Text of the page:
When awards of the Air Force Cross in the Vietnam War are tabulated by mission area, the forward air controllers (FACS) rank third, exceeded only by tactical fighter pilots and helicopter rescue crews. The mission of the FACs was to find targets and mark them with smoke rockets for attention by fighters or ground fire. It was sweaty work, especially in the early years of the war when FACs flew light planes like the Cessna O-1 Bird Dog, designed for private pilots back home, not for war. The degree of danger was in direct proportion to the aggressiveness of the individual FAC. One of the most skillful and determined was a former fighter pilot, Maj. William McAllister.
In early 1964, McAllister was assigned to the 22d ARVN Division, flying out of Qui Nhon on the east coast of Vietnam. He rapidly earned a reputation for daring, accuracy, and sound tactical judgment. Some FACs would fire their rockets from an altitude of a few hundred feet. Not McAllister, known to the fighter pilots and ground troops with whom he worked as “Mac the FAC.” He went in on his target at treetop level, and although the O-1 was not equipped with a sight, McAllister developed uncanny accuracy, often attacking a target with his four rockets before the fighters arrived. He was, in short, one of the best in the business. Since targets invariably shot back, his aggressive style drew an unusual number of hits on the O-1, which did nothing to dampen the combative spirit of Mac the FAC.
On the afternoon of March 25, 1965, McAllister flew the prelude to a mission that was to earn him the Air Force Cross. A detachment of Vietnamese Marines was pinned down in a narrow valley surrounded by 3,000-foot mountains near Bong Son, 50 miles north of Qui Nhon. In marginal weather with a ceiling lowering from 1,200 feet, McAllister, under frequent heavy fire from small arms and automatic weapons, directed a series of attacks by A-1Es against enemy forces, enabling the ARVN Marines to gain their objective. He then remained in the area, a target for Viet Cong gunners, while a helicopter from Qui Nhon evacuated two US Marine advisors who had been wounded. Low on fuel and with engine problems, McAllister limped back to base, ending another successful three-hour mission.
At 11 that evening, the ARVN Marines again called for help. Grabbing the first in-commission Bird Dog he could find, Major McAllister headed for Bong Son, flying under a low overcast that extended up to 8,500 feet. After finding the valley, which was barely wide enough for tight 360-degree turns, he called for flares. The assigned C-123 flareship could not enter the valley under a 500-foot ceiling. McAllister told the C-123’s pilot to climb above the overcast and drop flares from 10,000 feet, using a radar fix from Pleiku. When the first flares fell off-target, he steered the flareship into position for accurate release, using dead reckoning. The intense light of the flares created a double hazard for the FAC: His O-1 now was illuminated against the overcast, making it a clear target for enemy fire, while the light of the flares threatened to blind him and set up perfect conditions for vertigo.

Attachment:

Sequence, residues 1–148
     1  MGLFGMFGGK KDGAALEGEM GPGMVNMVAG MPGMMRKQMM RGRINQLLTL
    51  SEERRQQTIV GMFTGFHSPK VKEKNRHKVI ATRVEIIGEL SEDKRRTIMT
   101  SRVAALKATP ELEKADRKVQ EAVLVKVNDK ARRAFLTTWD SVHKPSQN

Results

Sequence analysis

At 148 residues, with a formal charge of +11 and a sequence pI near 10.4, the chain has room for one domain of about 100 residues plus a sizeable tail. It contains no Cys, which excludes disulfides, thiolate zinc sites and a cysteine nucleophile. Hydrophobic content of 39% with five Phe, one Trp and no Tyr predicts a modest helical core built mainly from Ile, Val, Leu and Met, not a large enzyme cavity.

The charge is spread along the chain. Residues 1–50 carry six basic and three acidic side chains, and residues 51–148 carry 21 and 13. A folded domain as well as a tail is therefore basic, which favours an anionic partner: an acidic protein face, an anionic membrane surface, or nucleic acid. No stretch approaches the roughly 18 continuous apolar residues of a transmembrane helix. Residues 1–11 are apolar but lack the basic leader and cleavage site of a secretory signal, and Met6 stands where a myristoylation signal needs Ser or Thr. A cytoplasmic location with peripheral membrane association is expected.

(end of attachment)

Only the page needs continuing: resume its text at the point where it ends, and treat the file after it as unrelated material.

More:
When enemy fire became too hot, “Mac the FAC” climbed into the overcast and orbited in the narrow valley, using the meager instruments with which the Bird Dog was equipped. He then requested the Air Support Operations Center at Pleiku to send a succession of flareships that would illuminate the combat area until dawn. Under the light of the flares, the Marines were able to reorganize themselves and hold off the VC attackers. Major McAllister helped disrupt the attack by firing an M1 out the window of the Bird Dog after his rockets were expended.
Nearly three hours after takeoff and with his fuel gauges hovering on empty, McAllister flew out of the valley, his O-1 ventilated by bullet holes. Shortly after his departure, the VC broke off their attack, confused and disorganized by the defenses “Mac the FAC” had directed while contending with weather, terrain, and enemy fire for which the little Cessna was not designed.
Before McAllister could be awarded the Air Force Cross–only the ninth of the Vietnam War up to that time–he was killed in an accident on what would have been his last mission before returning to the States. He left behind a record of valor that was an inspiration for those who were to come in the long remaining years of that war.
Published November 1989. For presentation on this web site, some Valor articles have been amended for accuracy.